• Nevertheless, professionals viewed goal setting to be a useful tool that allowed them to include the participant in identifying, prioritising and evaluating goals.
Patients were often unclear about their role in this process.

Patients were often unclear about their role in the goal setting process.

Conclusions

The reviewers make a number of conclusions, including suggesting that goal setting may improve some aspects of stroke survivor outcomes such as self-care ability and goal achievement.  Considering the varying methodological quality of the studies, varying methods of goal setting used and various outcome measures used however, they reasonably conclude that:

No firm conclusion could be arrived at regarding the effectiveness of goal setting.

The reviewers also highlighted that there were differences between stroke survivors and health professionals with regards to their goal setting experiences. The two groups tended to have different expectations, goals and thoughts about goal setting.  Stroke survivors were often unclear about the goal setting process. This is not surprising given that the reviewers found stroke survivors were sometimes not involved in the goal setting process; instead goals were set by health professionals without fully consulting the stroke survivor. Resolving these discrepancies and involving the stroke survivor in the goal setting process may result in improved satisfaction and outcomes.

Summary

This systematic review provides us with some useful insights into goal setting in stroke rehabilitation. With goal setting promoted in several national guidelines as essential for improving the outcomes of stroke survivors undergoing rehabilitation, both the lack of gold standard research and perhaps wary attitudes of stroke survivors towards goal setting certainly need to be tackled.  It not this elf’s opinion that goal setting doesn’t result in improvements; rather that further research is necessary to determine which goal setting approaches are most affective and appropriate for the stroke population.

It is also striking that although a number of studies identified communication or cognitive difficulties as a barrier to goal setting, only 2 out of the 17 studies in the review included stroke survivors with such difficulties.  Furthermore in one study 63% of participants were unable to complete the COPM due to communication or cognitive difficulties.  With 1 in 3 stroke survivors experiencing a communication difficulty, it is essential that research does not exclude people with such difficulties and indeed works to determine the most suitable method of including them in goal setting.  Doing so could target some of the barriers faced by health professionals and stroke survivors by determining goal setting practices which are acceptable for people with a range of difficulties and provide the best results within the busy stroke rehabilitation environment.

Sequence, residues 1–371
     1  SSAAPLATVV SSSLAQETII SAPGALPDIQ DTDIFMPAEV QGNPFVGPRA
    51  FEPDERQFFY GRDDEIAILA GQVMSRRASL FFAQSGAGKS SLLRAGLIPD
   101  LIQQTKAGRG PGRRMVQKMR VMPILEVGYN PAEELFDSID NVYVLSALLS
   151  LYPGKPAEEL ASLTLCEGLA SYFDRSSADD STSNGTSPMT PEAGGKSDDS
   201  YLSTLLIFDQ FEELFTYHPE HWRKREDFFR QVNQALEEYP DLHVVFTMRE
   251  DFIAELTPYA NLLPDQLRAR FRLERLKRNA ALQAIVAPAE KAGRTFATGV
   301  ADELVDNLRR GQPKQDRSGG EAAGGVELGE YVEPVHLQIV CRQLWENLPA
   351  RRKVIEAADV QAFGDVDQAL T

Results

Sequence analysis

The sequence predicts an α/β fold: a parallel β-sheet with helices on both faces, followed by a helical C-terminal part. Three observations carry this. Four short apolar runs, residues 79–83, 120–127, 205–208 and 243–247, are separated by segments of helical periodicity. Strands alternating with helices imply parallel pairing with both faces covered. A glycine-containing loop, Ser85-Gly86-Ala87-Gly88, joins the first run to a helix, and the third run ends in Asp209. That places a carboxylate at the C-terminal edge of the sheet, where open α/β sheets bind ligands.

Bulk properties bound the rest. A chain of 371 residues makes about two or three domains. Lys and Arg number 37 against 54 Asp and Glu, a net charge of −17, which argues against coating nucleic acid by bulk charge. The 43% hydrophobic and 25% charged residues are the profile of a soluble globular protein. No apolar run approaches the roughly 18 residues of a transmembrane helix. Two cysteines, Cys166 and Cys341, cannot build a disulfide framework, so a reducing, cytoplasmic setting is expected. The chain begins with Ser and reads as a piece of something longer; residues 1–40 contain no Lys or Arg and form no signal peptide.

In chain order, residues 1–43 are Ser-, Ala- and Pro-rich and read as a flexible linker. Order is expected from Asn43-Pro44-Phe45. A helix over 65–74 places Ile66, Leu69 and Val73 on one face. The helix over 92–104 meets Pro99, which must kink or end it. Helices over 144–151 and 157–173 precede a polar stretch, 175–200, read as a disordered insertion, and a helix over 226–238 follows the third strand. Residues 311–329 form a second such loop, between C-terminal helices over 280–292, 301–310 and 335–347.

With guidelines recommending that goal setting is done, it's about time that we found the evidence to support it!

With guidelines recommending that goal setting is done, it’s about time that we found the evidence to support it!

Links

Sugavanam T., Mead G., Bulley C., Donaghy M. & van Wijck F. (2013) The effects and experiences of goal setting in stroke rehabilitation – a systematic review.  Disability and Rehabilitation, 35(3), 177-190. [PubMed abstract]

Clinical guideline 162: Stroke rehabilitation – Long-term rehabilitation after stroke. National Institute for Health and Care Excellence, 2013.

National clinical guideline for stroke, 4th edition (PDF). Royal College of Physicians, 2012.

Adamson, J., Beswick,A. and Ebrahim,S. (2004) Is stroke the most common cause of disability? Journal of Stroke and Cerebrovascular Diseases, 13(4), 171-177.  [PubMed abstract]

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Jennifer Dryden

Jennifer Dryden
Jenny is a PhD student and trainee health psychologist at the University of Strathclyde, conducting research into adjustment to life after stroke. She has a BA in Psychology from the University of Strathclyde and a masters in Health Psychology from the University of Stirling. Her volunteering and work with stroke survivors has greatly influenced her research focus and she has a particular interest in developing interventions that are acceptable and implementable in practice.